After a miserable month of May for the stock market, stocks managed to firm up for a small streak of three straight up days. The overall situation in the Euro Zone has not improved but there are scattered signs that the self-interests of the largest nations will divert them from the unsuccessful austerity budgets they forced on the smaller countries. Greece looks like a charity case but Spain, the fourth largest member, is meeting some success in pressuring the richer countries to ease their demands.
In this country, the forthcoming “fiscal cliff” remains the same problem as it has for years. Partisan charges and countercharges from the political elections continue to rattle investor nerves. With all this angst, it might seem remarkable that stocks managed any rally at all.
The margin of safety is the moderate valuations for most stocks, the remarkably low levels of interest rates and inflation and a weak but continuing economic recovery. This doesn’t mean that stocks cannot go lower in their perverse fashion but it does suggest that current buying comes from savvy investors able to avoid irrational pessimism.
With the yield on a five-year Treasury bond less than one percent, quality stocks like IBM (IBM-$194) are yielding more than two percent. We buy growth stocks on their projected growth rate but a solid record of increasing dividends as IBM has for sixteen straight years is a nice sweetener.
TJX (TJX-$42) and Sigma-Aldrich (SIAL continue to be among the best of breeds in this pure bred class. So is USB (USB-$30), the strongest performer among regional banks. All three companies are on course for record sales and earnings in 2012.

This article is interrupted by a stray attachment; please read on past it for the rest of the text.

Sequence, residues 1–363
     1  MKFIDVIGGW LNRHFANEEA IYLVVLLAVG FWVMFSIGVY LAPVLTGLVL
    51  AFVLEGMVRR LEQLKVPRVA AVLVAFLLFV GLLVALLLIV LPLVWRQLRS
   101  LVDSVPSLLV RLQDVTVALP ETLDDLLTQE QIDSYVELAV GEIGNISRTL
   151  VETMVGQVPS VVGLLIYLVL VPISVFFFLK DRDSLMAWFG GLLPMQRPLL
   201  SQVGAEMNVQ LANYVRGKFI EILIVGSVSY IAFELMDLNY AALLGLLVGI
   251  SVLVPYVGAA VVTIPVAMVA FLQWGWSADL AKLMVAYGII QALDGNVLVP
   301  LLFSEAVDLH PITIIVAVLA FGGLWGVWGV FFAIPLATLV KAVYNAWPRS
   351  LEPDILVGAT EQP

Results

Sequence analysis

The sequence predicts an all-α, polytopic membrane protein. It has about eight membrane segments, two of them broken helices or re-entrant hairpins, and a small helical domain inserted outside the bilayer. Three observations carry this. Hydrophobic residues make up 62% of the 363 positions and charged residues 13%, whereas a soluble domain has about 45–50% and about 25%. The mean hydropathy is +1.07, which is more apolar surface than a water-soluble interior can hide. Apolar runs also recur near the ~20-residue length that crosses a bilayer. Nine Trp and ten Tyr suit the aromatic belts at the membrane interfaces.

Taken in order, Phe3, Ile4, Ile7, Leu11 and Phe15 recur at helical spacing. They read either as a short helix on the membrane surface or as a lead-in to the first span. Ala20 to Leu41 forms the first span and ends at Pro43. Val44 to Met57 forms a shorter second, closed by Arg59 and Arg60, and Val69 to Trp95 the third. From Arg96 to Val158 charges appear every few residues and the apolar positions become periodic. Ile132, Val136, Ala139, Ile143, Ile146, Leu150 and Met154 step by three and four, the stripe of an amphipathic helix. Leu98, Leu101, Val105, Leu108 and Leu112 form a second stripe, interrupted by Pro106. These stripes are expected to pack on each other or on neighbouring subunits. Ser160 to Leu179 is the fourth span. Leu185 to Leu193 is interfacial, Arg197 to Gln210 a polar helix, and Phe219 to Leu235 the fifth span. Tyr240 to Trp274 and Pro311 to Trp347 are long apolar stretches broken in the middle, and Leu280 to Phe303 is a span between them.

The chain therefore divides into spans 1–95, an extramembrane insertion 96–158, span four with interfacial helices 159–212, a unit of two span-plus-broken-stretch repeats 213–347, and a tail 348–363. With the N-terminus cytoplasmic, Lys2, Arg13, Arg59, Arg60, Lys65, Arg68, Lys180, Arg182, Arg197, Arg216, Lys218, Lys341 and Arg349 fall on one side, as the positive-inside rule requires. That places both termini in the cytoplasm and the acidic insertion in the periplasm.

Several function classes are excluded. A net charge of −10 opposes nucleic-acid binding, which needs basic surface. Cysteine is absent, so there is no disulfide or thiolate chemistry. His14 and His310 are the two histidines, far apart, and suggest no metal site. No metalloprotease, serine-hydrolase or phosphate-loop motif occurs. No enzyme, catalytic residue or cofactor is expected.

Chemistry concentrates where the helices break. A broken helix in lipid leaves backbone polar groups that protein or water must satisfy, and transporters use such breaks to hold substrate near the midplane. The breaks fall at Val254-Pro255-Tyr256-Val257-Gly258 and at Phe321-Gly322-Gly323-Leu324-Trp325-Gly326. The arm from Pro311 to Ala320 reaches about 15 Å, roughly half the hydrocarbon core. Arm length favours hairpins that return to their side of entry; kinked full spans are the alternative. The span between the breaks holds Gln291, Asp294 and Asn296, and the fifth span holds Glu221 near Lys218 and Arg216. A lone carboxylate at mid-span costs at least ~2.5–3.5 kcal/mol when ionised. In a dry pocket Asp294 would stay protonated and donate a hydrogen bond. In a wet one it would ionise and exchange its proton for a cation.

Valspar (VAL-$48) is a new recommendation in the industrial sector. It has been producing paints and coatings since 1820, when two businessmen in Cambridge, Massachusetts began the first commercial production of varnishes in this country. Global sales now exceed $4 billion, growing at over 20% annually. Earnings stumbled with the economic slowdown but Valspar has adjusted. It forecasts earnings of $3.25, up 22%, for 2012. Its stock yields 1.6%, with dividend increases for 33 consecutive years.
One of the good news stories that was supposed to boost spirits on Wall Street was the much-hyped IPO of Facebook (FB-$26), which did not work out as planned. Facebook reminds me of a teenager who is very popular in high school but fades away as other graduates go on to things other than dating.
Disappointing news and overly dramatized news stories dampen investor spirits. The resulting pessimism is as irrational at the “Irrational Exuberance” that accompanied the dot.com bubble of the 1990’s. Investors trying very hard not to lose money are as unfortunate as a person bringing that strategy to a poker table. Winning should be the goal.
A recent Gallup poll reflects this in the choices for long-term investment by American investors. The largest bunch, 28%, favored gold, which hasn’t returned anything for many months. The next group of 20% liked real estate, which seems to represent more hope than reality for non-professional investors. Another 19% selected bank savings accounts. Finally, another 19% picked stocks.
Well, human nature is a funny thing. Last month, I had a vacation in Turkey, a beautiful country with a proud and vigorous people. It seemed everywhere we went, there were new houses and condos springing up. I hadn’t seen such new construction for a while and asked our guides about this. The uniform answer was that Turkish banks were offering loans for new homes on such favorable terms that it would be foolish to pass up the chance. This has a familiar ring.
Tony Crowell manages stock portfolios for individuals and their trust and retirement accounts with CROWELL•ROBERTS Investment Counsel, a registered investment advisor in Laguna Beach since 1993. email@example.com 949.494.1376/